Archive for January, 2019

Altered Plea

Thursday, January 31st, 2019

This is the third Swimwatch article on the subject of Steve Johns’ “insanity” comment. For readers who may have missed what Steve said here is the report from the NZ Herald.

“But we haven’t been getting the results we’d hoped we would, and certainly from a High Performance Sport perspective what they had hoped and expected we would be getting.

“So to continue with the centralised model and expect to get different results is the definition of insanity.”

I accept that three articles on a subject this simple is probably too many. For that I apologise. However, I may have done Steve an injustice. And that needs to be put right. You see in my first two articles I was convinced Steve was having a crack at his Board bosses. The way I read it, I thought Johns’ comment was saying Bruce Cotterill and the Board were guilty because they supported the insane cause of centralised training. It was the cause of centralised training that was insane. Worse than that Bruce and others accepted $30 million from the New Zealand taxpayer and wasted it on the insane cause called the “centralised model”.  It seemed to me that Steve was directing the blame for the failures of swimming away from himself and towards those who pursued an insane policy.

In Steve’s words the assumption of guilt would have been fair enough. After all Steve said that any Chairman and Board who would “continue with the centralised model and expect to get different results is the definition of insanity.” That is exactly what Bruce Cotterill and his five mates on the Board have done. For twenty years and at a cost of $30 million the current Board and many before them continued with the insane centralised model and expected to get a different result. Bruce and the Board were as guilty as hell. It was time to lock them up and throw away the key.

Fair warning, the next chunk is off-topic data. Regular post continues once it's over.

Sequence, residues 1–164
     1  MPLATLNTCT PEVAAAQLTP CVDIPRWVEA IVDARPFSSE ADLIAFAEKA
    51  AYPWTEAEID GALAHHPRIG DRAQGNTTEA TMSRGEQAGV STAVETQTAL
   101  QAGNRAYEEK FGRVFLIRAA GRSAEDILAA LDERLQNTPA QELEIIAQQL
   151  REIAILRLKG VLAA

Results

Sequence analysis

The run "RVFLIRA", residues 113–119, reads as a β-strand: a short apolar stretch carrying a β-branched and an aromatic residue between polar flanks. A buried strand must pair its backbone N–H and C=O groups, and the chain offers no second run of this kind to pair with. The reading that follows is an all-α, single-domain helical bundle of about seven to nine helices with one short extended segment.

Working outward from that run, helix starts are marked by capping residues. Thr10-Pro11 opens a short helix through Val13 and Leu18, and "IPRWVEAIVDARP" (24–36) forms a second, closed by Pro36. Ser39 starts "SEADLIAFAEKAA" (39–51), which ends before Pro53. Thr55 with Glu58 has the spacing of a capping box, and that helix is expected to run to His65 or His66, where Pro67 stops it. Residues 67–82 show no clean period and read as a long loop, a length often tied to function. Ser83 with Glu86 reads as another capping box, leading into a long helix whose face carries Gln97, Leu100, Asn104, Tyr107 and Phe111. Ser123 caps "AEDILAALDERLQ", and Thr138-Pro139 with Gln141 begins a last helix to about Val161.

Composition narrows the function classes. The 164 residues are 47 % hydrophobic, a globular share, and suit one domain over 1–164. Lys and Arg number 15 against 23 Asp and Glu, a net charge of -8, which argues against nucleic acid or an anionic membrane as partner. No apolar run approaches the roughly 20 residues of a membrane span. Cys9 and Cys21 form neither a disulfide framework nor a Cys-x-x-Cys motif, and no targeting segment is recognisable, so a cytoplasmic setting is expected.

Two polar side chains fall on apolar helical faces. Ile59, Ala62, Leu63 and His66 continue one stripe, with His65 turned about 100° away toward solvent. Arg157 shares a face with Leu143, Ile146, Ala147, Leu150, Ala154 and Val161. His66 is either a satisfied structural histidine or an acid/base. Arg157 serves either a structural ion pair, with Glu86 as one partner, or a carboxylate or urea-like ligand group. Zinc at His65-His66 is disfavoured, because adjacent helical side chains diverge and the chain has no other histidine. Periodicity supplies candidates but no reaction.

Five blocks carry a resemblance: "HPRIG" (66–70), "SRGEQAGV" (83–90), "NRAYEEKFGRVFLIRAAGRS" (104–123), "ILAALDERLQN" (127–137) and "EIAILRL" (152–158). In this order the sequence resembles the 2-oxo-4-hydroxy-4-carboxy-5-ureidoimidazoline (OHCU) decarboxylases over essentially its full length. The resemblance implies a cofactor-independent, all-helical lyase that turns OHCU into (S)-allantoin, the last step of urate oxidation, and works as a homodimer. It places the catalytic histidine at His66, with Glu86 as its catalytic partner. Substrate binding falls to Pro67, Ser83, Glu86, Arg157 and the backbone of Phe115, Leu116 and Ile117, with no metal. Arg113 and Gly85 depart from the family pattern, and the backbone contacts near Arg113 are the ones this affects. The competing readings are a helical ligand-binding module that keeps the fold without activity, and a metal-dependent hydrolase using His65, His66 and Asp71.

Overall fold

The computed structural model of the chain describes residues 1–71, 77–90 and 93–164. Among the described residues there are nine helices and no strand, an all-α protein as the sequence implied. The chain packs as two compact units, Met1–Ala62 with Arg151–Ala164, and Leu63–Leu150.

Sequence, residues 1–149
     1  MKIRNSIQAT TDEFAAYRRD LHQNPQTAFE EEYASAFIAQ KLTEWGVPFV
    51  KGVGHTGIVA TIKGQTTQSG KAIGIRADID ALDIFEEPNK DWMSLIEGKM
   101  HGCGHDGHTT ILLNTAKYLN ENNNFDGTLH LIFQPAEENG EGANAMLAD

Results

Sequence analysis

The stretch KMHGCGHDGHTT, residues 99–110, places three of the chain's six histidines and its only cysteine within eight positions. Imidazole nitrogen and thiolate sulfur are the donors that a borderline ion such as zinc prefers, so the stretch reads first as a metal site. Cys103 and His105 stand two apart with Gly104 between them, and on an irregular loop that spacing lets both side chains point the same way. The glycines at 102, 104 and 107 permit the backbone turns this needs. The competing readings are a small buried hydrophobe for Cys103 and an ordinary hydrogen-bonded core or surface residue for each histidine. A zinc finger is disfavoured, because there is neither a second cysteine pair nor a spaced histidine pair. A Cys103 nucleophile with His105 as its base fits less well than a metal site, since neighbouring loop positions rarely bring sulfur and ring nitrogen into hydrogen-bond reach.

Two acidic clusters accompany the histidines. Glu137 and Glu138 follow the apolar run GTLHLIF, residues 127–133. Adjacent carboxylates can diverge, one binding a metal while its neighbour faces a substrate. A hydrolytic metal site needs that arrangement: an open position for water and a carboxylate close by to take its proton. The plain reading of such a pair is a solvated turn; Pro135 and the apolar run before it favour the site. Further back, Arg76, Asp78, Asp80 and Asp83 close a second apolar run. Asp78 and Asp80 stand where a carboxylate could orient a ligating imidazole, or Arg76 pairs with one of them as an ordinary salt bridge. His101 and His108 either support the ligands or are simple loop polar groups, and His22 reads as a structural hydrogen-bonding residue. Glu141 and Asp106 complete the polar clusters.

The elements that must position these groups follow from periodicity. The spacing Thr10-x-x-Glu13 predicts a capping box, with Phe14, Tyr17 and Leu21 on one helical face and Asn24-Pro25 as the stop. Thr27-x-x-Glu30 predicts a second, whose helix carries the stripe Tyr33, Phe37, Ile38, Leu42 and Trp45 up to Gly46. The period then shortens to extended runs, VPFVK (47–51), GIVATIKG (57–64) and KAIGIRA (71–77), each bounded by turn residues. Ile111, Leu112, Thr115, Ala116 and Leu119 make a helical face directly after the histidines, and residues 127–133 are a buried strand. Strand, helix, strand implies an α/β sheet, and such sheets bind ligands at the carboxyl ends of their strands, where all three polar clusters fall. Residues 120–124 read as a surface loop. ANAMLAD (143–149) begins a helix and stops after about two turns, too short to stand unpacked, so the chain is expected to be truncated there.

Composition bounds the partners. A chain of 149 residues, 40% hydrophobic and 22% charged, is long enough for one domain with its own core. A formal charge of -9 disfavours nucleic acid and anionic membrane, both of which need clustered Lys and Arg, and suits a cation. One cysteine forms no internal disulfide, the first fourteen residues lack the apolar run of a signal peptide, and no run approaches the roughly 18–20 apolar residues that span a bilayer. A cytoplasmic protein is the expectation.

That is what I thought Steve was saying. I’m sure you agree it is a fair enough interpretation of the NZ Herald report especially when it happens to match my view of this case. I think Bruce and various Boards are guilty of wasting 20 years and $30 million chasing an insane policy. I think the Boards are guilty of professional negligence. In any public company I would hold them guilty of dereliction of their duty of care. I would happily turn the key in the lock and throw it out the window. I thought Steve and I were buddies in arms. I was puzzled how Steve got away with publically proclaiming the guilt of his bosses but reluctantly I admired him for doing it. Steely Steve seemed to have got this one right.

But now I’m not so sure. I think I may have read Steve’s comment incorrectly. I don’t think he sees things the way I do at all. And that is the reason for writing this third article.

I think what Steve is saying is not that Bruce and the Board are guilty of pursuing an insane policy. I think what he is saying is that it is not the policy that is insane it is those who promoted the policy. Steve and the Board are innocent because they are insane. Steve is pleading insanity to escape censure and establish innocence.